Thank you for your input.
I agree, and that's how I understand it. The concept is "processed" by a complicated stream of mind objects, it's not a "single object". As dhamma follower points out, the suttas are quite clear that it's the examination of those simpler objects that leads to wisdom, not the pondering of complicated concepts like "one plus one is two".nathan wrote:Assuming this is a serious question I'll attempt an answer. The arising, appearance and passing of the concept: "one plus one is two" is subject to the perception of the three characteristics in manifold ways. A concept is composed of a mind object(s) which arises in co-dependence together with the supporting mental qualities ...mikenz66 wrote: And what about the concept "my self"? Is that an "object of mind-conciousness". Kind of, but it's built from complex interactions analysable into all khandhas or sense bases.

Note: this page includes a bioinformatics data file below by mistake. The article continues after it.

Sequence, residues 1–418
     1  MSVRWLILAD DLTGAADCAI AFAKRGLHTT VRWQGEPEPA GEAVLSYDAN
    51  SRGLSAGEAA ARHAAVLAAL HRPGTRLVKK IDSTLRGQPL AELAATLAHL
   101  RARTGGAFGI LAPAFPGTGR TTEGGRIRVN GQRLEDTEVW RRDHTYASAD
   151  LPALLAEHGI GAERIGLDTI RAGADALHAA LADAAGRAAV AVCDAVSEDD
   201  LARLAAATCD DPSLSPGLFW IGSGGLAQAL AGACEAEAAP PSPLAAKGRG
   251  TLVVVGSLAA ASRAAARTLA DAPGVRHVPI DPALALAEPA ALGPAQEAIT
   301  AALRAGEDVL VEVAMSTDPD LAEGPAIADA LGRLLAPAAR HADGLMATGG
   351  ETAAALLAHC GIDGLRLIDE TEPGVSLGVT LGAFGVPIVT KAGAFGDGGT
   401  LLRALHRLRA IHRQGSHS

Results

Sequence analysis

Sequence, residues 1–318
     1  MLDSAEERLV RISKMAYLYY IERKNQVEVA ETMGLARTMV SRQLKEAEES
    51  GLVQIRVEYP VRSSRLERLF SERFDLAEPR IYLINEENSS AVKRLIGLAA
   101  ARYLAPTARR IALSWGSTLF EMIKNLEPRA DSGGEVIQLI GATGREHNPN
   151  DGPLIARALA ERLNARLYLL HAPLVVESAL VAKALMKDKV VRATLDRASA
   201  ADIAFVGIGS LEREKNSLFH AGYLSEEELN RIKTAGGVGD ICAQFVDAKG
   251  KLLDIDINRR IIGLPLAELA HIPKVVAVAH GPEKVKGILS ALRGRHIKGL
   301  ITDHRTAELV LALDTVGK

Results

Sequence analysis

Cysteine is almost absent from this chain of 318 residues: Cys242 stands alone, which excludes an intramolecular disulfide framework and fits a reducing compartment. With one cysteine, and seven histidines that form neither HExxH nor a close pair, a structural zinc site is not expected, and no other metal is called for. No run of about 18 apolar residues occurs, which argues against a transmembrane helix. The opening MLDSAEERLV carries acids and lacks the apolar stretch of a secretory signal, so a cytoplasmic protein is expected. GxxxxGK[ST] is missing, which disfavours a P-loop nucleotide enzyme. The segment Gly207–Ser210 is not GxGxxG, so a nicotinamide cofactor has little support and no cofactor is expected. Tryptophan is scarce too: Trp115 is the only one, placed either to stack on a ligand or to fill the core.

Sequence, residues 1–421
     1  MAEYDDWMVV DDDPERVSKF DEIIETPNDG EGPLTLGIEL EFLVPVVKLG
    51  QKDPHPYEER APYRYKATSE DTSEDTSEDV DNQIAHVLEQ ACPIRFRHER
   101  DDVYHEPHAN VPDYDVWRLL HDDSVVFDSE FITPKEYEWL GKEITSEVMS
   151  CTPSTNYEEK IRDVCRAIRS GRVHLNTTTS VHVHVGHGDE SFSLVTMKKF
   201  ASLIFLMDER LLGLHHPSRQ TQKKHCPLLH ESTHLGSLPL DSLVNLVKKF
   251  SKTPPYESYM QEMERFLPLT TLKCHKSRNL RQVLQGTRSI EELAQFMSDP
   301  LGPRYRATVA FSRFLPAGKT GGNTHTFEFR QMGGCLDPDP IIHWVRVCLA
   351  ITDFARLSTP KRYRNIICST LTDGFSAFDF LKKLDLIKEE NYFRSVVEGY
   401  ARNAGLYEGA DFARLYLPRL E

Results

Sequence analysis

dhamma follower wrote: Again, the key point is to see that concepts come as a result of a sequence of processes, they are not object of panna, they are object (or content) of sanna. Panna is not concerned with the content of sanna, it is concerned with its individual characteristics (sabhava) and general characteristics (tilakkhana). That's why the distinction between the two are necessary, so that yonisso manasikara can arise.